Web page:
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‘An Arch Cunning Fellow’
Another Pennsylvania Horse Thief on the Run

August 11, 1768

The Pennsylvania Gazette

Carnarvon Township, August 4, 1768.

RUN away, last night, from the subscriber, a servant man, named James Murray, an Irishman, came from Ireland two years ago; he is about 5 feet 5 or 6 inches high, an arch cunning fellow, well learned as to reading and writing, and may possibly forge a pass;

had on, when he went away, an old shirt and trowsers, a home made jacket, middling large, of light colour, a pair of good neat leather shoes, with a pair of narrow rimmed buckles, of a yellowish cast, a new felt hat, of William Jenkinsmake:

He stole and took with him, a dark brown horse, of a middling size, well set, in good order, and an old saddle, and possibly has the marks of the gears, as he went in the waggon one of the hind horses, his shoes are newly removed.

Whoever takes up and secures said servant, and horse, so that the owner may have them again, shall have Three Pounds reward, or Four Dollars for each, and reasonable charges, paid by EDWARD HUGHES, in Carnarvon township, Lancaster county, or WILLIAM GRAHAM, at the sign of the Black Horse, in Market street, Philadelphia.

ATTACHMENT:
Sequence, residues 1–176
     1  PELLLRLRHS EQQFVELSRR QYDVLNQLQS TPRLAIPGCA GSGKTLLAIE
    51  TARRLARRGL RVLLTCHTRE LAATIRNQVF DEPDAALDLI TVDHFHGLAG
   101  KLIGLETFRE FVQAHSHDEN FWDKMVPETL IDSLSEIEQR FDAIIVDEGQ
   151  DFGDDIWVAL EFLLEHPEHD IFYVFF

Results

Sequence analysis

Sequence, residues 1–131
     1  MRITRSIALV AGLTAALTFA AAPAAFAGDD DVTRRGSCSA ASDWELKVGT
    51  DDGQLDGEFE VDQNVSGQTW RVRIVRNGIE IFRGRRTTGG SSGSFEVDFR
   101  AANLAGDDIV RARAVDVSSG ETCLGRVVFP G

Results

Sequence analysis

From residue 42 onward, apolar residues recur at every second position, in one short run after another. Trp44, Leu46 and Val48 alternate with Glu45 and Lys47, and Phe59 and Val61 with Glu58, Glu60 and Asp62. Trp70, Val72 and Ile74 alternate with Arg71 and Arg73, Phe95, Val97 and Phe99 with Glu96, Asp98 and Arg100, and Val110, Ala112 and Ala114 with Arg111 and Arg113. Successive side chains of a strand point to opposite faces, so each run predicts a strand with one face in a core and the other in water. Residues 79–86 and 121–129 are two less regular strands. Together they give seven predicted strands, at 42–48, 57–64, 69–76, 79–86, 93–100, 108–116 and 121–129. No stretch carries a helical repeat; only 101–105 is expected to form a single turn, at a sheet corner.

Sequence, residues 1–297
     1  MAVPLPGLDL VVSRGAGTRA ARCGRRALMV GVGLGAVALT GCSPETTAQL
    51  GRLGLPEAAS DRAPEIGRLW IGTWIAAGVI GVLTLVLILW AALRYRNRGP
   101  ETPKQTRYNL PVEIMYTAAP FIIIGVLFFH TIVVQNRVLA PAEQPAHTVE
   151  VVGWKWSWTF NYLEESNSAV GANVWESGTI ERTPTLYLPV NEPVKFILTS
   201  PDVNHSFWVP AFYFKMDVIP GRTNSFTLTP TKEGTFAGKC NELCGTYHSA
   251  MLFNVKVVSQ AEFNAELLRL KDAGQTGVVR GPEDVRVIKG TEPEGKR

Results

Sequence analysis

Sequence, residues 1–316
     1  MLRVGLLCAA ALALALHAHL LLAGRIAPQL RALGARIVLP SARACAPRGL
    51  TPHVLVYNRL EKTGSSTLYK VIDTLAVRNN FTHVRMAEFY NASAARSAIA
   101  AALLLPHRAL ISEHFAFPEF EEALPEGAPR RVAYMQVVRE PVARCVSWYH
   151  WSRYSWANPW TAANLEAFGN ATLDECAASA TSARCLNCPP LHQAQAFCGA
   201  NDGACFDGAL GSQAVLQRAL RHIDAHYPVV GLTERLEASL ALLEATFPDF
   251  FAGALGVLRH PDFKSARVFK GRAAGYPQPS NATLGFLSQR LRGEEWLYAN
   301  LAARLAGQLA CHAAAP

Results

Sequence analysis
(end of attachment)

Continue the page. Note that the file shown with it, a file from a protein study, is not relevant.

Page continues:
N.B. All masters of vessels are forbid to carry him off at their peril.


"Whoever takes up and secures said servant, and horse, so that the owner may have them again…” says everything the past needs to tell us about the value of working white men in Plantation America. In fact James and the horse—and the horse is barely fit for use—are both assigned the same 3-4 pound value.

By this point in my research I am of the opinion that being threatened with peril by shopkeepers, had gotten sea captains, men of a higher masculine order and higher social status, in such an ire that they were hiring on runaways out of spite.

A Bright Shining Lie at Dusk

A Partial Exhumation of the American Dream

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